Burglary and Aggravated Burglary


A person will be found guilty of Burglary under section 76 of the Crimes Act 1958 if he or she enters a building as a trespasser with the intent to steal, assault or cause damage to the building or property.

The definition of “building” also includes a vehicle or vessel that is inhabited, regardless of whether or not the person lives in it is there or not.

The maximum penalty for Burglary under section 76 of the Crimes Act 1958 is 10 years imprisonment.

The Offence of Aggravated Burglary

Section 77 of the Crimes Act 1958 provides for two ways in which a person can be found guilty of Aggravated Burglary:

If he or she commits a Burglary and at the time has in his or her possession a firearm, imitation firearm, offensive weapon, explosive or imitation explosive; or

Where the offender enters the building with the knowledge that a person was present or was reckless as to whether a person was present in the building.

The maximum penalty for Aggravated Burglary under section 77 of the Crimes Act 1958 is 25 years imprisonment.

What Actons Might Constitute Burglary or Aggravated Burglary?

Examples of Burglary may include:

  • Breaking into a house through the back door to steal a person’s television;
  • Climbing through a window of a person’s caravan to damage the inside; or
  • Entering a warehouse of a company through the roof to damage stock.

Examples of Aggravated Burglary may include:

  • Breaking into a two-story home to damage a person’s television and valuables, knowing the owners are upstairs in the home; or
  • Entering the building of the business from which your employment has recently been terminated to destroy the office with explosives in your possession.

What the Police Must Prove

To find you guilty of Burglary, the prosecution must prove each of the following elements beyond a reasonable doubt:

  • You entered a building or part of a building
  • You entered the building as a trespasser
  • At the time of entering the building you intended to steal, assault or damage property.

To find you guilty of Aggravated Burglary, the prosecution must also prove each of the following elements beyond a reasonable doubt, in addition to the above elements for Burglary:

  • You had in your possession a firearm, imitation firearm, an offensive weapon, explosive or imitation explosive; or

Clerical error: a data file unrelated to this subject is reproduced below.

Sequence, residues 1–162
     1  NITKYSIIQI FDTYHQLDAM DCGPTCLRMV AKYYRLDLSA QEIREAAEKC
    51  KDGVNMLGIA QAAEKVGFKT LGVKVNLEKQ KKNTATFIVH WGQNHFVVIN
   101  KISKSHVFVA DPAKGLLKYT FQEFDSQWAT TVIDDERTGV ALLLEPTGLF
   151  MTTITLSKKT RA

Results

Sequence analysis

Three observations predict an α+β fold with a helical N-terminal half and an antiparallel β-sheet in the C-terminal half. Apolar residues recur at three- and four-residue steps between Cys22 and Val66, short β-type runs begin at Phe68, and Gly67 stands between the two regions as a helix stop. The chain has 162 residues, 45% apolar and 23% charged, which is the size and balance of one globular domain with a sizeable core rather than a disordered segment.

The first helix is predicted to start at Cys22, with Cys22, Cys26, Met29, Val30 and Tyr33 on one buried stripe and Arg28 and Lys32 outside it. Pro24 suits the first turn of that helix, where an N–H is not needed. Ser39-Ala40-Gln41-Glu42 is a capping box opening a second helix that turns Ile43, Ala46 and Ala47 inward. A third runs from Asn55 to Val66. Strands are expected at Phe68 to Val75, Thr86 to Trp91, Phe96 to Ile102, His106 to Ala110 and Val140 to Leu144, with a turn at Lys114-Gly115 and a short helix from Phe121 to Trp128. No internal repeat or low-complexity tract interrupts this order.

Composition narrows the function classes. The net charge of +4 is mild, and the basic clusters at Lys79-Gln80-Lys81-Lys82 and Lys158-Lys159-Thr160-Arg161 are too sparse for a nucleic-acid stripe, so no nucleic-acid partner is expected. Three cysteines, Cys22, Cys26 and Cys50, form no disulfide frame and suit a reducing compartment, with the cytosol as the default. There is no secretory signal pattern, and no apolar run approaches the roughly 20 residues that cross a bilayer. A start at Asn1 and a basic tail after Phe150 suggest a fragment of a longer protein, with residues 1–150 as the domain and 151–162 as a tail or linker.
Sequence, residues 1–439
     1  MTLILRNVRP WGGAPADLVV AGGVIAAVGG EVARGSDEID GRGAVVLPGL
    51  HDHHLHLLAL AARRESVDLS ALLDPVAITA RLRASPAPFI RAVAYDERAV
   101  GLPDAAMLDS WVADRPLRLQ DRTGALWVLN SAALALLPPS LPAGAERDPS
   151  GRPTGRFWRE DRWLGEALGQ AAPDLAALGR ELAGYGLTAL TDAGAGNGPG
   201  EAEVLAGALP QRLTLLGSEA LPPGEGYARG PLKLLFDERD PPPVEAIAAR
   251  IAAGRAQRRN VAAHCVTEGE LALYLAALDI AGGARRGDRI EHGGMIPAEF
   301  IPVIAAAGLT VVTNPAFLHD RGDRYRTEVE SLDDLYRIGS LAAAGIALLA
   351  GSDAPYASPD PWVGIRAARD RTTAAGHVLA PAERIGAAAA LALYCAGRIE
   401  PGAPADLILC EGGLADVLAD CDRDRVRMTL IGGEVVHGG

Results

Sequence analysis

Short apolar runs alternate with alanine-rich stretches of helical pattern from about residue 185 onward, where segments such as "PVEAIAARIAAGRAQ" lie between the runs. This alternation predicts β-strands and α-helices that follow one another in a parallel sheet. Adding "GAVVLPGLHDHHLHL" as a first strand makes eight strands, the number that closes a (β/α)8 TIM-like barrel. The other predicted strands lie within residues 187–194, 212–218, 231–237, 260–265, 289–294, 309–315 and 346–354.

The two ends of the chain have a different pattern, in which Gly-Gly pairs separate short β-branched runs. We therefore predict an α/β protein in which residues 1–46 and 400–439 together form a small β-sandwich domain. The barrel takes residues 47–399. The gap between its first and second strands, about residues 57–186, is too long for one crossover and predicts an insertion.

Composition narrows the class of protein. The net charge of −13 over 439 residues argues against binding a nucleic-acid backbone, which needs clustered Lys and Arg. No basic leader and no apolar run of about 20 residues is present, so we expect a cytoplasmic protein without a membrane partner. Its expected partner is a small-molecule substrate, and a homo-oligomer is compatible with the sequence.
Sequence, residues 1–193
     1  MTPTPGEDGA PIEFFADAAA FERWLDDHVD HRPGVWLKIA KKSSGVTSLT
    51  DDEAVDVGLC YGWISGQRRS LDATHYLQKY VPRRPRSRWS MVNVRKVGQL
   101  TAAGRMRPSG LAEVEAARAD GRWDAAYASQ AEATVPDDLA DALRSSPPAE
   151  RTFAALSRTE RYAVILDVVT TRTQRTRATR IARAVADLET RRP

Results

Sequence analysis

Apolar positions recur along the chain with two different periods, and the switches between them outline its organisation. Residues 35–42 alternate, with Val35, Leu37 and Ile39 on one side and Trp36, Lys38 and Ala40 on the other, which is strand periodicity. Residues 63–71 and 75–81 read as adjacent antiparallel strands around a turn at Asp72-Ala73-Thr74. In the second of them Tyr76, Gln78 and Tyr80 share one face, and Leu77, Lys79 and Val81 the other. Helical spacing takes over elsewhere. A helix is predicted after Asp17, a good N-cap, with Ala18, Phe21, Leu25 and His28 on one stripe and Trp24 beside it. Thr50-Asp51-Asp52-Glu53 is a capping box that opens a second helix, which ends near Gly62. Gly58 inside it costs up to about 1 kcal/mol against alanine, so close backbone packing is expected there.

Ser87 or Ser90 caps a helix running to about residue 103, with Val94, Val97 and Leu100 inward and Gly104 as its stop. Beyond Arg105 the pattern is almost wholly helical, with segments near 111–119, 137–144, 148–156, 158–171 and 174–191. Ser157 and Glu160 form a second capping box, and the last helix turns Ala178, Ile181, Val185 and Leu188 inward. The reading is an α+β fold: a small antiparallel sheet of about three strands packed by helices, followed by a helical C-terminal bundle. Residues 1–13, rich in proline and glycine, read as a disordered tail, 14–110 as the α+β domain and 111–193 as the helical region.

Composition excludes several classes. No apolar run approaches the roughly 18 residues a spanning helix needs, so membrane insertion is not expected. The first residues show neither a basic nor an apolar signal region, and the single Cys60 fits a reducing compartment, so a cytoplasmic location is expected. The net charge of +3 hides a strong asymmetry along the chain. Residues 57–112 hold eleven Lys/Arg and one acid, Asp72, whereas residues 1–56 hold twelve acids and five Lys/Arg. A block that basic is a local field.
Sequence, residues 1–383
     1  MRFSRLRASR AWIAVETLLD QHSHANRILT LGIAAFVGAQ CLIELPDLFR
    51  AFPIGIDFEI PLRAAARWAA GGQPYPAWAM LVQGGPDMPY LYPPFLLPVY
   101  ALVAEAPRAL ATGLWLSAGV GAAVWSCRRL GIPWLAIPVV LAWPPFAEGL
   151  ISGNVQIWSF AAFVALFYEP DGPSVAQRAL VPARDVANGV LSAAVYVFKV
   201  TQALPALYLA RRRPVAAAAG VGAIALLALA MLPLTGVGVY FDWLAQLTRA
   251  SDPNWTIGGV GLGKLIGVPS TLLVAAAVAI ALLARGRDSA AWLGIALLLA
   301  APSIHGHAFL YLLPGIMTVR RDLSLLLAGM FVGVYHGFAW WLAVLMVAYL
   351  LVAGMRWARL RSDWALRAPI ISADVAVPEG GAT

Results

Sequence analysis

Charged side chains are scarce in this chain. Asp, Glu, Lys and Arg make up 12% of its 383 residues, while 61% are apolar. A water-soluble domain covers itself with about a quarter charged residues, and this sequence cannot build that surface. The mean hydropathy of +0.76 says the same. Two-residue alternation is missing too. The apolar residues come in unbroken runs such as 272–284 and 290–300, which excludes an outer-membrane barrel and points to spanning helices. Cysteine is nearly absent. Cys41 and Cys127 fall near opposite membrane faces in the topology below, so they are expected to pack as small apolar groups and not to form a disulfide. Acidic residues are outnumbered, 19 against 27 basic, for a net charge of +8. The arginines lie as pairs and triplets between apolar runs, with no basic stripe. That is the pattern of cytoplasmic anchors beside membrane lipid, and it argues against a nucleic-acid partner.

• At the time of entering the building you knew there was a person in the building or you were reckless as to whether a person was present in the building.

Possible Defences for Burglary & Aggravated Burglary

The most common ways to defend a charge of Burglary or Aggravated Burglary can include the following:

  • To maintain your innocence if you did not commit the act
  • To argue that you did not enter the building or part of the building
  • To argue that you were not trespassing
  • To argue that you did not intend to steal, assault or cause damage to the property
  • To argue that you did not have in your possession a weapon, if you have been charged with Aggravated Burglary
  • To argue that you were not aware that a person was present in the building
  • To raise necessity, duress or self-defence as the reason for your conduct.

Which Court Will Hear Your Matter?

If you have been charged with Burglary or Aggravated Burglary and provided the amount or value of the property which has alleged to have been stolen is under $100,000, your case may be heard summarily in the Magistrates Court, provided the consent of the accused and the prosecution is obtained.

However, if the amount or value of the property exceeds $100,000, your matter will be heard in the County or Supreme Court of Victoria.

WHERE TO NEXT?

If you suspect that you may be under investigation, or if you have been charged with an offence, it is vital to get competent legal advice as early as possible. Our lawyers are highly specialised in criminal law and will be able to guide you through the process while dealing with the various authorities related to your matter.

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